In fact, there is no legal definition of vegan. Our definition of vegan would be food that has no meat, poultry, fish, dairy, eggs and anything else that came from an animal. Vegan products that are not overly processed carry additional health advantages, so we recommend a whole-food plant-based diet. Packaged foods can be minimally processed and considered a whole food, but it’s important to check the ingredients.

Therefore, we still encourage nutrition and ingredient label reading. It takes only a moment but it’s worth the effort and will help keep you from unnecessarily limiting your purchasing decisions. These labels can also provide extras such as what vitamins and minerals and how much fiber the food contains. It can tell you how much salt, sugar and fat is in the product and a long list of unrecognizable ingredients may indicate that it is overly processed.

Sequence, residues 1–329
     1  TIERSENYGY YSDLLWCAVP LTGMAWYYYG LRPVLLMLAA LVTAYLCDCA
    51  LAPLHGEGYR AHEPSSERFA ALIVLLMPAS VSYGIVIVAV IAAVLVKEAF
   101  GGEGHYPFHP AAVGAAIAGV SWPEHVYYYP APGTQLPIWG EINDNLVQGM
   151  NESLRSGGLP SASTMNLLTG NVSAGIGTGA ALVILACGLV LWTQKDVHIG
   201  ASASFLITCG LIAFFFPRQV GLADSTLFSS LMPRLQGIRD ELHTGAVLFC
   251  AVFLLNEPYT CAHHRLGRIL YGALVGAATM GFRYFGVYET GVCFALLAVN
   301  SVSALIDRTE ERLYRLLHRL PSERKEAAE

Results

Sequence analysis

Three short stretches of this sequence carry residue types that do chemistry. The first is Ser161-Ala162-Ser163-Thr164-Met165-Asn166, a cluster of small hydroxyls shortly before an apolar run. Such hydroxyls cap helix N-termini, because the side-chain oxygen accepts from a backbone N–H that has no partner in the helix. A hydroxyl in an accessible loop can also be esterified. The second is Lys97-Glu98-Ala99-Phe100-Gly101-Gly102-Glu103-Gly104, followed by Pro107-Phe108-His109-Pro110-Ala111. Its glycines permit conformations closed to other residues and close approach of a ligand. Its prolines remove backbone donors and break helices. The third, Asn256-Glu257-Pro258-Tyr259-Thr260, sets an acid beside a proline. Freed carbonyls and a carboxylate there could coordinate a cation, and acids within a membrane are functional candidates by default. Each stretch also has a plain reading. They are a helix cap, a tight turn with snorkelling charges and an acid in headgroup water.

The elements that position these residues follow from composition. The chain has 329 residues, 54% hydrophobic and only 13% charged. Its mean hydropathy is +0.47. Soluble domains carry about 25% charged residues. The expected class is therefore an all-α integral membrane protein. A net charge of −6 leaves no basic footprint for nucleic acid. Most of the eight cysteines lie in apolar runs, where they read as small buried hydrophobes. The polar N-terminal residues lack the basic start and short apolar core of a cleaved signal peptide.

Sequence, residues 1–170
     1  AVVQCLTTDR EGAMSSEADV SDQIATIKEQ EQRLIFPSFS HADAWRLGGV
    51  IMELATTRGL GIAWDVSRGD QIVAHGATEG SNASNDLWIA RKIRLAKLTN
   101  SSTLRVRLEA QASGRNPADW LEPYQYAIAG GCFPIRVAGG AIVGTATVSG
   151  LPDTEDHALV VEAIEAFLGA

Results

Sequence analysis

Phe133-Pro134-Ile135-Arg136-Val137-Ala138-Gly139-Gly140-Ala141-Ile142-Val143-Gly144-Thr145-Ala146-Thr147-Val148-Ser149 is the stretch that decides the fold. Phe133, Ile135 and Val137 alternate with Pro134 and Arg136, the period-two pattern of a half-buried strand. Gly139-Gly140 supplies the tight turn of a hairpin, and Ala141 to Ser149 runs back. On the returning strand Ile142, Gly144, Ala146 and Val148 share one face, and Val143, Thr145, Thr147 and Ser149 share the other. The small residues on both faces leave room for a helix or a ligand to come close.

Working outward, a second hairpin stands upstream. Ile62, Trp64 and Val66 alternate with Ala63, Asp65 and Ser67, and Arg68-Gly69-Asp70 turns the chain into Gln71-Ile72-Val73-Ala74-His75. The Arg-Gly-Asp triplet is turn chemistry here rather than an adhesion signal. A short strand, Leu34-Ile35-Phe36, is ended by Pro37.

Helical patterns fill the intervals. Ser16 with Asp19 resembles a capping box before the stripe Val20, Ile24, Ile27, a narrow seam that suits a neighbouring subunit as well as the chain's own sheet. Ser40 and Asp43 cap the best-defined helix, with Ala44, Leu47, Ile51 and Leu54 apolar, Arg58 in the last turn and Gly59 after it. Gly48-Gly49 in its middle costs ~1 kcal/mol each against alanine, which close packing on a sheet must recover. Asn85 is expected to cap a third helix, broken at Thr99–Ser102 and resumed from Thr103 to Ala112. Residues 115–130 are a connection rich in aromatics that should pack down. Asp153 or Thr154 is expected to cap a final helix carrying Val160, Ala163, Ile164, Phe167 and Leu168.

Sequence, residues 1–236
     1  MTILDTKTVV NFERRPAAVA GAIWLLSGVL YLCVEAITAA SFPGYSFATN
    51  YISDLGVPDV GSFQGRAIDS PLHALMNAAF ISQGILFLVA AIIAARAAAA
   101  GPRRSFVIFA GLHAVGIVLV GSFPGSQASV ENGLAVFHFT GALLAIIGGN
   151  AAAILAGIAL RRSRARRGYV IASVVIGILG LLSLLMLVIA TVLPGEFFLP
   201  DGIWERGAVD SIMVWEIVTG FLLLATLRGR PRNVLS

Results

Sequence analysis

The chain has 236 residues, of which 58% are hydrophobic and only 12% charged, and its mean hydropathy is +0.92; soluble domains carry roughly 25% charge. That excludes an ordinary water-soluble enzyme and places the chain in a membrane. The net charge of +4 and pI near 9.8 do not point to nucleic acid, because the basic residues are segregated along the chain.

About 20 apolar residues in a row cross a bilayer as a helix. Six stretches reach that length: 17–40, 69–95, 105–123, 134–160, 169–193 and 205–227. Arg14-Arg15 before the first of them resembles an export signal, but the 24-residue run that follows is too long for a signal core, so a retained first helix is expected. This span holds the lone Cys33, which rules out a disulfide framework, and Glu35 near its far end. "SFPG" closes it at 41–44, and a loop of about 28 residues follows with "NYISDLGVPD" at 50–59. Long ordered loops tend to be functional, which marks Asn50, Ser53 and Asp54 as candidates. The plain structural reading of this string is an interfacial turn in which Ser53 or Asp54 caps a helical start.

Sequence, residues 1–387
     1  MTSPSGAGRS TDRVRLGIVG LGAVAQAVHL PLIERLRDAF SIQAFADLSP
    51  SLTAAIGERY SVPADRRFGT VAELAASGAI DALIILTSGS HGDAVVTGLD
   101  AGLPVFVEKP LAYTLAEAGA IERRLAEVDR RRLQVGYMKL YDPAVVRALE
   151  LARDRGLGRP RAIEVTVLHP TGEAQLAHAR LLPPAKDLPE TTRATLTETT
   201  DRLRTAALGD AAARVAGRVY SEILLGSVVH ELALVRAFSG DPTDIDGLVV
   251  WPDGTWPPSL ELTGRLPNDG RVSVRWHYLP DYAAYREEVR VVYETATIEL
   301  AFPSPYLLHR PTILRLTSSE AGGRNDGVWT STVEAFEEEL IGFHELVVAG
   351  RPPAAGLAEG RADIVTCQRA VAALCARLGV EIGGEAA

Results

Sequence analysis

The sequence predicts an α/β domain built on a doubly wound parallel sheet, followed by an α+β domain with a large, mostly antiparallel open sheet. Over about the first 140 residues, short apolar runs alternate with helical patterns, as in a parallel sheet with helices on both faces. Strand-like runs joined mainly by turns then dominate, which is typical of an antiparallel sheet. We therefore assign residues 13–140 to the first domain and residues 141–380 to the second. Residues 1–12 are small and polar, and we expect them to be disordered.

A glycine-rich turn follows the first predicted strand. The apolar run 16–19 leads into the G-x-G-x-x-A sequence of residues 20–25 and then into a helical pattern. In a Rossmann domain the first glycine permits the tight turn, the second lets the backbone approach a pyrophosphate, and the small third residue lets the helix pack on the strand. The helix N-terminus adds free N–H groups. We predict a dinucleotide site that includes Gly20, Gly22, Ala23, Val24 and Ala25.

Considering how important our food is to our health, the animals and the environment, food shopping is a skill well worth cultivating and we can help! We have a handy take-to-the-grocery-store shopping guide, In Pursuit of Great Food, that includes how to understand the nutrition facts label, some labels to look out for and lists of ingredients to avoid, along with an invaluable description of all the foods you might want to keep in your kitchen so that you can make delicious meals at short notice!

« Older Entries